What Is Depression Glass Made Of?
- The Popular Patterns of Depression Glass
- The Glass Name: A Collection of Depression Glasswares
- Identifying Re-releases of Depression Glass Pattern
- The Making of Depression Glass
- Bonus Points for Scratching Depression Glass
- Identifying Depression Glass
- Depression Glass
- The Colors of Depression Glass
- Adams Rib, Block Optic and Old Cafe
- The History of Depression Glass
- Patterns and Color in the Depression Glass
The Popular Patterns of Depression Glass
Depression glass has been very collectible. It is becoming more scarce on the open market due to its popularity as a collectible. Pieces that are rare may sell for hundreds of dollars.
Some manufacturers continued to make popular patterns after World War II, or introduced similar patterns, which are also collectible. The patterns and pieces that are popular have been reproduced. The sub-category of Depression Glass, elegant glass, is of better quality and often includes polished mold seams, hand-decorating, and painted patterns.
The Glass Name: A Collection of Depression Glasswares
The glass name was derived from the time it was manufactured. It was during the Great Depression. The world economy was in a state of low growth during the Great Depression.
Most of the businesses are bankrupt. It was a time when there was little economic activity and many people were poor and without jobs to support their families. Depression Glass would not be acceptable in the market due to a number of flaws.
Identifying Re-releases of Depression Glass Pattern
Depression glass is more than just a collection to those who look beyond the surface. It provides an interesting hobby that is rich with history and it also gives the home a sense of spirit just as it did back in the day. A little research is a long way to protect your investment.
Several Depression glass patterns like Cherry Blossom and Madrid were widely re-released for many years. Some patterns only had a small amount of pieces reproduced. It is possible to collect sets in copied patterns without being stung by the re-releases, but buyers should check all resources and buy from a good dealer if they choose to collect a pattern known to have been re-released.
Look at each piece carefully to make sure it is undamaged. You can feel chips by touching the edges and rim with your finger. To make cracks more visible, hold each piece to the light and look at the cracks.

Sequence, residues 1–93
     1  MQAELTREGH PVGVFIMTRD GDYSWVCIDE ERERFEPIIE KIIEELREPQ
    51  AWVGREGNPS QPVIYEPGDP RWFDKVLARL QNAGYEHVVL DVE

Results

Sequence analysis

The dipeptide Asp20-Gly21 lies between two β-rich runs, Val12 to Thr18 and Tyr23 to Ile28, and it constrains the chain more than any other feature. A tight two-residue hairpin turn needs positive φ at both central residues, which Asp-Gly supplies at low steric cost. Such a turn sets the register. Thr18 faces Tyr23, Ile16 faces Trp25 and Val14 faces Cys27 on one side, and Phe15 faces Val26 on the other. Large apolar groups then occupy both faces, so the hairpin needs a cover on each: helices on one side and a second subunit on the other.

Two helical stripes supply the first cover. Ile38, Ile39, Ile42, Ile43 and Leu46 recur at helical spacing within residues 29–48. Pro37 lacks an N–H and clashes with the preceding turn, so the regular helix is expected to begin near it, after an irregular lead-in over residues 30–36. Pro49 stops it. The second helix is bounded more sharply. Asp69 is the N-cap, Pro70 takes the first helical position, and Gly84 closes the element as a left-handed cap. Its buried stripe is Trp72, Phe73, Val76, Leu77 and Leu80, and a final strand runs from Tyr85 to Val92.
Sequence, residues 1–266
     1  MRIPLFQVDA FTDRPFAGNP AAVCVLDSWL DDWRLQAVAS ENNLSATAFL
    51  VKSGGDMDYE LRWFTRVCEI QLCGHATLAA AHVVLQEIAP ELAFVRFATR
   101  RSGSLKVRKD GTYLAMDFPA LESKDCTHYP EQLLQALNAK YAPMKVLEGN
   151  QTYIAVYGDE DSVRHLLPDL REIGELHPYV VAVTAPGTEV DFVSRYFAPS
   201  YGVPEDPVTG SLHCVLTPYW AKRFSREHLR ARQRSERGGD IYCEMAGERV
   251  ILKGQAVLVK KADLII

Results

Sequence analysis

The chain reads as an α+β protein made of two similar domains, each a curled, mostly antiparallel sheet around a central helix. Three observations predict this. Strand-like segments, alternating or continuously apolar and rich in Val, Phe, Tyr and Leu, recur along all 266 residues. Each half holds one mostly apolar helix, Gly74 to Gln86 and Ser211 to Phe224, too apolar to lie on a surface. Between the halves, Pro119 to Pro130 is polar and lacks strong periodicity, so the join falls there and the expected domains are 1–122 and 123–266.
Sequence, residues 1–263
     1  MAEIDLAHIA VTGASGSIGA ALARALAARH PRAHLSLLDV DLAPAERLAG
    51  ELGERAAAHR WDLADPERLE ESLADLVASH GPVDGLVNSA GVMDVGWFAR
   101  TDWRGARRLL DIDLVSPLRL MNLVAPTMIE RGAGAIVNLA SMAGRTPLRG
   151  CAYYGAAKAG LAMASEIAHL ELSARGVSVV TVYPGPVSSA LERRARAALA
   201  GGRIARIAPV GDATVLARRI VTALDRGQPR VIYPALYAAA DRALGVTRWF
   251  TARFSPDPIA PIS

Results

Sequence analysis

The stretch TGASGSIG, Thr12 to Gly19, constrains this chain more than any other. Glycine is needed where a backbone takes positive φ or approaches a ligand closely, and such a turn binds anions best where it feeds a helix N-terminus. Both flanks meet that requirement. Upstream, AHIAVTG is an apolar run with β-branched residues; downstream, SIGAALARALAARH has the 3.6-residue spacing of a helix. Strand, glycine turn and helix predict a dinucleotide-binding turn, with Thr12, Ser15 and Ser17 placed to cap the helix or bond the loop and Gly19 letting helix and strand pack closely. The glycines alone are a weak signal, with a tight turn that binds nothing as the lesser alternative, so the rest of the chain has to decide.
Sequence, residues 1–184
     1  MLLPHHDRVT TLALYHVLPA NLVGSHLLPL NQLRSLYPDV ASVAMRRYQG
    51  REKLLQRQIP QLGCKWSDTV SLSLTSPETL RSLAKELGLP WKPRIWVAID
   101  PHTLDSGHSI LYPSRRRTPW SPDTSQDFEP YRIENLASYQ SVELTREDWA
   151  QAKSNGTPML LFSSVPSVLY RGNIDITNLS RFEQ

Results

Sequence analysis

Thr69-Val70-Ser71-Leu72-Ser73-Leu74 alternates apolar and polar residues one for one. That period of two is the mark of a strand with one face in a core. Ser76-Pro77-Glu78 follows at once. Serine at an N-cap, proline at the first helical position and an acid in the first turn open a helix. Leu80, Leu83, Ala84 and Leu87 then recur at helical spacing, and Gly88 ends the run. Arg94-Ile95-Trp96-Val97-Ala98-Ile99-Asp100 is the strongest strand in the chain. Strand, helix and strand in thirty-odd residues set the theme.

The Making of Depression Glass
Over 100 patterns of Depression glass were manufactured during the thirty years of production. Each company had signature patterns that were worth different amounts in the market today. The most common patterns were Cameo, Mayfair, American Sweetheart, Princess, and Royal Lace.
The romantic and idealistic names reflected a societal longing for the prosperity of the 1920s, a time when dreams of a successful life to come were encouraged. While many of the common patterns in yellow or amber can be obtained for a few dollars, patterns that were short-lived during the Great Depression are particularly valuable. Glass that was worth a quarter can now be worth thousands of dollars.
Bonus Points for Scratching Depression Glass
If you find scratches, you will get bonus points. Depression glass was used for everyday tasks and was prone to scratching, so scratches are likely due to the delicate nature of real Depression glass.
Identifying Depression Glass
Depression glassware was given away for free or at a very low cost during the Great Depression. The glass is made with bright colors and has a variety of intricate patterns. Identifying depression glass involves looking for characteristics. To distinguish depression glass from reproduction pieces, look for bubbles in the glassware or lines on the base of the piece.
Depression glass is a type of glass that is associated with the Great Depression. The stock market crash of 1929 caused many glass companies to close, but many of them had been in business for a long time. The Federal Glass Company opened in 1900.